Communicating well in the workplace can really help you shine. There are three main ways we communicate: verbally, written and…this is one people often forget…non verbally. Making sure you express yourself positively and clearly in all three ways can be a huge asset to your career.
Verbal communication involves anything you say to people, from how you speak to your associates and subordinates to how you present yourself in meetings and speaking opportunities. Using a confident voice, avoiding raising your voice at the end (as if you were asking a question rather than making a statement) can help make you look more assertive and therefore more trustworthy. Taking care to use real “words” rather than slang, and certainly not profanities can also enhance your professional image. And, making sure that your voice is pleasing – not too loud or shrill – ensures that your words are actually being heard.
Written communication takes many forms these days, from the informal email to the formal report. But, take care to realize that even informal emails reflect on you and your professionalism. Make sure that you are spelling things right; that you are editing so that you are succinct and clear; that you are letting people know exactly what action they should take – and when – to make sure that your emails are being properly received. And, of course, remember that you should never put anything in email that you wouldn’t want forwarded to everyone in the company. On that note, when you are sending an email, take care that the proper recipients are included and that you are not inadvertently sending an email string that should not be forwarded. Email gaffes are all too common and can hurt your reputation – or worse! Whether your communication is formal or informal, a good edit and proofreading can make sure that you are putting your best foot forward.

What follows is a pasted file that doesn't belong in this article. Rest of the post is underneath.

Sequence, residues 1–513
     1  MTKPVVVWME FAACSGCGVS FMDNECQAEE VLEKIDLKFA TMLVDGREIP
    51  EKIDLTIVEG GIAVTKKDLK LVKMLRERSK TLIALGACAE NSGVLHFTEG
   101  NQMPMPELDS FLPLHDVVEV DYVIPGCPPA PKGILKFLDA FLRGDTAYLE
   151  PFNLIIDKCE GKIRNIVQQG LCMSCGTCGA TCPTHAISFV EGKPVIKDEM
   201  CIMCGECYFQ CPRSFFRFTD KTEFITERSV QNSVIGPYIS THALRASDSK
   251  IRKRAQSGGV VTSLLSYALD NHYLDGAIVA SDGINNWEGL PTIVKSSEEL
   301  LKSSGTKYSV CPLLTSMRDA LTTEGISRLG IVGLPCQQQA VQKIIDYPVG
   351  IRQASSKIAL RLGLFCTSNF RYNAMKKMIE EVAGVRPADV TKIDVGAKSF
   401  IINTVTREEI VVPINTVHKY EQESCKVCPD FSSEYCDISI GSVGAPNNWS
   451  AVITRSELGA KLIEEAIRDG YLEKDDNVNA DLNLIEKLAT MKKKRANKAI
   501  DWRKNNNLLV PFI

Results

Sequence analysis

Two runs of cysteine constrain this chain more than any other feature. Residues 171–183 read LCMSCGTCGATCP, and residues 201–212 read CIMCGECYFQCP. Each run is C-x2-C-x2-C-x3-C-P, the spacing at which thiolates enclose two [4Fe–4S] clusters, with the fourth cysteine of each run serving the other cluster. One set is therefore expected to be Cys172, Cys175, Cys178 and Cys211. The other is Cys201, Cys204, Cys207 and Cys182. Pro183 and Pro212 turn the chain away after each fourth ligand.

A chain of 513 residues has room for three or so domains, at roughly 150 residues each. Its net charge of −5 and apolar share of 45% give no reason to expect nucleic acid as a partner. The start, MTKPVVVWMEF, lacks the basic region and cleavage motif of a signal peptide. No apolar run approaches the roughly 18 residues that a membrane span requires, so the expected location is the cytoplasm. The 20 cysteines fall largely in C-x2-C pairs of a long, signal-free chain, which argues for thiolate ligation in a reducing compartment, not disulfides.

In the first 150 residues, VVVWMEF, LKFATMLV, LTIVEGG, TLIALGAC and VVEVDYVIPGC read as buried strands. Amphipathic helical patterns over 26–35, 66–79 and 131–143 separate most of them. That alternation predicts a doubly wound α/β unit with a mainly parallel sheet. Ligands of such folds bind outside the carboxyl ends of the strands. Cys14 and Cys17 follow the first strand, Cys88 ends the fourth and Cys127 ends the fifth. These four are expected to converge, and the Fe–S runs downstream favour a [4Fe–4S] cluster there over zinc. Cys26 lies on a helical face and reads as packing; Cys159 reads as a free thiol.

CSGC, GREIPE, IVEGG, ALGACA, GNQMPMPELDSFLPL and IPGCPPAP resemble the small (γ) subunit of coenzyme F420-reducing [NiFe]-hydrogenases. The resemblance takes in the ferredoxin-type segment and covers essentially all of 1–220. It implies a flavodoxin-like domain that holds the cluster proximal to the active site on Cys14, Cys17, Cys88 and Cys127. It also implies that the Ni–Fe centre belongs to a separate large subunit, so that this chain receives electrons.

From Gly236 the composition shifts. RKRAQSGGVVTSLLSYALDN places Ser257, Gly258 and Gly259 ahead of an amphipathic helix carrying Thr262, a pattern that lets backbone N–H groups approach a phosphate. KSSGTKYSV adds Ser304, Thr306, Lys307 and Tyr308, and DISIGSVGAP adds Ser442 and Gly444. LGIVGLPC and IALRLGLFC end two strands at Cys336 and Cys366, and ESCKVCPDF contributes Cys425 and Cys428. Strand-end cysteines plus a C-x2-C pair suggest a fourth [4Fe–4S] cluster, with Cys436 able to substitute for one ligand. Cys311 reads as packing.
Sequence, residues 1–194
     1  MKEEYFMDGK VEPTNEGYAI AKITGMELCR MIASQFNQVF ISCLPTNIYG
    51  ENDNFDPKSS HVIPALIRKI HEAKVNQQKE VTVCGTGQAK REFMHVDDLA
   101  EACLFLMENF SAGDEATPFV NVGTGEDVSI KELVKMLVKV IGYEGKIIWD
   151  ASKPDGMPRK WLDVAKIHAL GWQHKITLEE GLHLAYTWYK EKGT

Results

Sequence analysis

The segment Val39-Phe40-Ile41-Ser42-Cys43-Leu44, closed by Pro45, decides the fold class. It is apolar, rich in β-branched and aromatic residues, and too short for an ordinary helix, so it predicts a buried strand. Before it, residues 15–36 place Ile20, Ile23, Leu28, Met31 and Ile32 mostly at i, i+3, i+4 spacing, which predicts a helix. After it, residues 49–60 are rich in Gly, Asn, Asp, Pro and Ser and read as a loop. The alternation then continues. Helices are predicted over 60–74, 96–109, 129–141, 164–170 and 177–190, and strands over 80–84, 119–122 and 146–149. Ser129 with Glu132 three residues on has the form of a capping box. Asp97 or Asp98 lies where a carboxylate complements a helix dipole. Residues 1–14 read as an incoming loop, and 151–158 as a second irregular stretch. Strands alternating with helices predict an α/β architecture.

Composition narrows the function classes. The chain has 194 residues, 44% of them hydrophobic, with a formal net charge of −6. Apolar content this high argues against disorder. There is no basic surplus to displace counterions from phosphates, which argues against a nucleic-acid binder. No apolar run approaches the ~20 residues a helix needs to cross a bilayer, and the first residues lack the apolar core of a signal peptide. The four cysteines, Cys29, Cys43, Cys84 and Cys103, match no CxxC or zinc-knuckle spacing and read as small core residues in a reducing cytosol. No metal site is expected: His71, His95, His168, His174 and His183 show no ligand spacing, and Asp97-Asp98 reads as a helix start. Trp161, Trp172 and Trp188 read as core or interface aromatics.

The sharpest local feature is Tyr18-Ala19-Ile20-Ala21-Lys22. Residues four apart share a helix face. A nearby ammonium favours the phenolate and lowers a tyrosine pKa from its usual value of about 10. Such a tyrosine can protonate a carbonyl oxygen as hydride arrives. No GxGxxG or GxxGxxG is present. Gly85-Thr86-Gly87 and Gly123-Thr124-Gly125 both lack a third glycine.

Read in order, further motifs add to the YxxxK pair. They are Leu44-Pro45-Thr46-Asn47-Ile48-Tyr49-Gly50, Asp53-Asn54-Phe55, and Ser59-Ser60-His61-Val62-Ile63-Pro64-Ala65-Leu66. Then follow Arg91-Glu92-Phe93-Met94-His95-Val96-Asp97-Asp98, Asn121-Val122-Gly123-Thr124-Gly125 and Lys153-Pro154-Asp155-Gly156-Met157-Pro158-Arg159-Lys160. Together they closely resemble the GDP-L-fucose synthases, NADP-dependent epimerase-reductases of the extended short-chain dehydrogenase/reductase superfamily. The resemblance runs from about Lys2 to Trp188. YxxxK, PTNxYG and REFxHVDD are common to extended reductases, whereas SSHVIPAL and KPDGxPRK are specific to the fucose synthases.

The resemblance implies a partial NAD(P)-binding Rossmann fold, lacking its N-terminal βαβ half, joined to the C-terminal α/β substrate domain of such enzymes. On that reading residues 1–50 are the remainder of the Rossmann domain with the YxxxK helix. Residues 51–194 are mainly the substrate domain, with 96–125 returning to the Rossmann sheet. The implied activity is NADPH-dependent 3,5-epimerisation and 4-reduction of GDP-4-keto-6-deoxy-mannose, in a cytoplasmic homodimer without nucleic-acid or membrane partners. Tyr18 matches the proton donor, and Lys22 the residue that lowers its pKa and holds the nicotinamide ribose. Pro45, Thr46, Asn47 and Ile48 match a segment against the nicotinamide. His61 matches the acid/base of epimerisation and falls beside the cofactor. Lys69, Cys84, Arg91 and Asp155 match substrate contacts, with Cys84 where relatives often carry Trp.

Nonverbal communication can be just as important as the other two. You’ve heard people say, “It’s not what you say but how you say it.” Make sure that your nonverbal communication is showing that you are engaged if you are in a meeting. Nod, lean in and show that you are following the conversation and that you are interested. Greet people with a smile and look genuinely interested to see them. Master the art of a firm handshake and use it often. When giving a speech or presentation, learn to make gestures that look natural and put your listeners at ease.
When these three forms of communication are in concert, they can help raise your professional image. You want every interaction that your colleagues and clients have with you – whether it is in person, via an email or on the phone, to underscore your professionalism and attention to detail.
And finally, consider the methods you use to communicate. Does something need to be put in written form to create a “paper trail”? Would it be easier to just pick up the phone rather than initiative a trail of email? Would it be easier to convey your message if you walked down the hall to your colleague’s desk?
Never underestimate the value of communication.
Articles on communication:
- 6 Keys to Clear Writing
- Communicating Clearly: Focusing the Message
- 5 Ways to Improve Office Communication
- 5 Tips for Making Your Point
- Miscommunications: Listen to What You’re Saying
- How Your Speech Habits Can Hold You Back
- The Art of Clear Communication
- Five Ways to Communicate When Expertise Varies
- Managing Effective Communication